police brutality

Policeman pleads not guilty in Breonna Taylor case

Agence France-Presse, Agence France-Presse
Policeman pleads not guilty in Breonna Taylor case

A demonstrator holding a cross gestures in front of a police line on a third day of protest over the lack of criminal charges in the police killing of Breonna Taylor, in Louisville, Kentucky, on September 25, 2020. - The family of Breonna Taylor today, September 25, demanded that US authorities release grand jury transcripts showing why no police will face direct criminal charges over her death, which has once again galvanized protesters angry about racism and police brutality in America. (Photo by Jeff Dean / AFP)

None of the 3 officers in the raid was charged with the death of Taylor, a 26-year-old emergency room aide who was shot 6 times

The lone officer charged in the case of Breonna Taylor, the African-American woman whose death during a Louisville, Kentucky police raid became a rallying cry of the Black Lives Matter movement, pleaded not guilty Monday, September 28.

Detective Brett Hankison rejected grand jury charges unveiled last week that accused him of “wanton endangerment,” for wildly and blindly shooting into adjacent apartments during the raid that saw Taylor shot dead by two other officers.

None of the 3 officers in the raid was charged with the death of Taylor, a 26-year-old emergency room aide who was shot 6 times after police forced their way into her apartment as she slept with her boyfriend on March 13.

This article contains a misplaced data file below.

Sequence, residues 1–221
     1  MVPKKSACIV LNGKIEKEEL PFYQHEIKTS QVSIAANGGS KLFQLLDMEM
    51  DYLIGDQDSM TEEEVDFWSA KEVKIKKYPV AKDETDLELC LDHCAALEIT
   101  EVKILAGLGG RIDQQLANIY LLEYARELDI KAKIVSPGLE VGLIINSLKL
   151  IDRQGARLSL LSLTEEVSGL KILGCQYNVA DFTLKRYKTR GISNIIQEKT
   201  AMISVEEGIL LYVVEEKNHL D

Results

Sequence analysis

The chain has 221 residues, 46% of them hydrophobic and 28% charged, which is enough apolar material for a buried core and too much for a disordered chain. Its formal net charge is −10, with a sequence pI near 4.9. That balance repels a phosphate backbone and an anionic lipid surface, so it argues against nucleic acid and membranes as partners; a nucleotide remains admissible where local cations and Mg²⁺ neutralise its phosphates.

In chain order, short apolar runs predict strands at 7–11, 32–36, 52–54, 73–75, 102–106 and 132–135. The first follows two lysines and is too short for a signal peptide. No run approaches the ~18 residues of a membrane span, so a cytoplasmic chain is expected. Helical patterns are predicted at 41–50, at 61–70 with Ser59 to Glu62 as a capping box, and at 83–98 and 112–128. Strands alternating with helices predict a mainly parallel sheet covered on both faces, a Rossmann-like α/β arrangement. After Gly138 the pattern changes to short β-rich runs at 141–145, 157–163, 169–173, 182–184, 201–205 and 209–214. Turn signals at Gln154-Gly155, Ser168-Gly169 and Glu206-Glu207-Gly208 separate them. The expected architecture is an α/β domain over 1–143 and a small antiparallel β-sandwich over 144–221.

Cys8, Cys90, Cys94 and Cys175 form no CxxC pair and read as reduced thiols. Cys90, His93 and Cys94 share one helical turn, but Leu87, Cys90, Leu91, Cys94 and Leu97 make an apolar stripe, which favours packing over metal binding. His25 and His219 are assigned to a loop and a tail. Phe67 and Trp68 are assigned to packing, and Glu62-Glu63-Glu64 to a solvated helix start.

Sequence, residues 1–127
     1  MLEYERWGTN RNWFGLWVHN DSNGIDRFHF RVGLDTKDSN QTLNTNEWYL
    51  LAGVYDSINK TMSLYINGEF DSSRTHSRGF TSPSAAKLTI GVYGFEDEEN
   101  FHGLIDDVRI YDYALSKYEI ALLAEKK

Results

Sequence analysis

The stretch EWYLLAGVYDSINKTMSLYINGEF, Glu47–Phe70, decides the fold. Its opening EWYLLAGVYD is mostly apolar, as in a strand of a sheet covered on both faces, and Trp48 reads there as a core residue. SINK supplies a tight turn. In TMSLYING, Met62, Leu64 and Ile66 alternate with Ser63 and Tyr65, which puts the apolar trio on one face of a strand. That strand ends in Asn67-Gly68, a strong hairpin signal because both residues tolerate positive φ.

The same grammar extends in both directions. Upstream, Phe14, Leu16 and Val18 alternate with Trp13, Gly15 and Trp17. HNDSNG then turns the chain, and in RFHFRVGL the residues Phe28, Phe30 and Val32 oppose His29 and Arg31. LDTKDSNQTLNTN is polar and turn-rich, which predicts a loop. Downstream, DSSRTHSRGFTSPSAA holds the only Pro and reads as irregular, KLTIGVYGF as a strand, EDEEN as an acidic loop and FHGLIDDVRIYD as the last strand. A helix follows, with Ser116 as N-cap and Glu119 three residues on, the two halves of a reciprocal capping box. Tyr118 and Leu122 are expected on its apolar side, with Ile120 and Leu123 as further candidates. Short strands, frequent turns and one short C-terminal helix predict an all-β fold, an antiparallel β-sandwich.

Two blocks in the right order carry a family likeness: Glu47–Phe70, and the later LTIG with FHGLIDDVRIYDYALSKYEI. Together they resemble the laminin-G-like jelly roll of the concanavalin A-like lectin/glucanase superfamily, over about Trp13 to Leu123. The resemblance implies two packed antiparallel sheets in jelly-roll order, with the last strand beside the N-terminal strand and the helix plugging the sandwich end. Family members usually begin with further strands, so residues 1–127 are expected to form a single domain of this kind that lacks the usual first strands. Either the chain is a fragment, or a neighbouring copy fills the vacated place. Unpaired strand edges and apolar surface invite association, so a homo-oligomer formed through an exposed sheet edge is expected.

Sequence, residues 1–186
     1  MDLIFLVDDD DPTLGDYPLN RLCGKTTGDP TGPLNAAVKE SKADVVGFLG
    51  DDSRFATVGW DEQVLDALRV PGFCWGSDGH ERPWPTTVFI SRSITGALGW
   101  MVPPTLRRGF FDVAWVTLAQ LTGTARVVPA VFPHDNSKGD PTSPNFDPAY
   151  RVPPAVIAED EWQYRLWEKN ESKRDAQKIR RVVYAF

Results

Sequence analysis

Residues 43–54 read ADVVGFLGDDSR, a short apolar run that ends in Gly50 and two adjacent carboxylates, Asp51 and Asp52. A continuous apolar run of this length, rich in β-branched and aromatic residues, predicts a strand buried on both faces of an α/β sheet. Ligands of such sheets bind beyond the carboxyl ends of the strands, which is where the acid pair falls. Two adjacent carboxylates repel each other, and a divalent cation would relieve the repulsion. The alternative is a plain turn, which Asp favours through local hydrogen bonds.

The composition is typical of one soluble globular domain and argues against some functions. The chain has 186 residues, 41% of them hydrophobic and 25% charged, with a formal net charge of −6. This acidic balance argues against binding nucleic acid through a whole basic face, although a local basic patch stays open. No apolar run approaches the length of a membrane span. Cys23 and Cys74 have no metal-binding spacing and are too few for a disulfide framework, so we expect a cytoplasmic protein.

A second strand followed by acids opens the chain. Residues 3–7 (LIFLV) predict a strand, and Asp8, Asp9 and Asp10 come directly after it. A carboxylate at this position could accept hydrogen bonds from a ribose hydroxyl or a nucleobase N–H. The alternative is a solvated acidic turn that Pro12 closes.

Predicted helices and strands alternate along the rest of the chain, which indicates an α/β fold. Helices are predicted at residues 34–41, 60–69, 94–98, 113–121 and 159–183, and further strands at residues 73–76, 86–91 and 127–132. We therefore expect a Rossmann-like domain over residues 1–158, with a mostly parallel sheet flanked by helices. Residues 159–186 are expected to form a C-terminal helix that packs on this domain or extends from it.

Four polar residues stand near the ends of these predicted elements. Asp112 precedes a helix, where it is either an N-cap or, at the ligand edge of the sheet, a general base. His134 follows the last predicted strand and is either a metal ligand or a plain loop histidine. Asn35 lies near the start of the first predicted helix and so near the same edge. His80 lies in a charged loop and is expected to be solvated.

Police said the boyfriend, Kenneth Walker, fired once at them, giving them cause to fire back, killing Taylor but not hitting Walker.

The grand jury indictment last week of Hankison – but neither of the others identified as the officers who shot Taylor – sparked anger and protests in the Kentucky city, and accusations by Taylor’s family of a cover-up to protect the police.

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“It’s like they charged the police for missing” but not for “shooting bullets into black bodies,” Taylor family attorney Ben Crump said.

Hankison was freed on $15,000 bond, and in Monday’s telephone hearing, his attorney requested that he be allowed to keep a weapon because of threats he had received.

“I would ask the court to consider allowing him to retain possession of any weapons that he may own for self-defense purposes,” said his lawyer, Stewart Matthews.

But the judge rejected the request.

“People that are in this court charged with offenses involving firearms, I do not allow them to possess any firearm, as a condition of their bonds,” she said.

Hankison, who was fired from the police force in June, faces up to 15 years in prison on the 3 counts of wanton endangerment.

The next hearing will be on October 28. – Rappler.com

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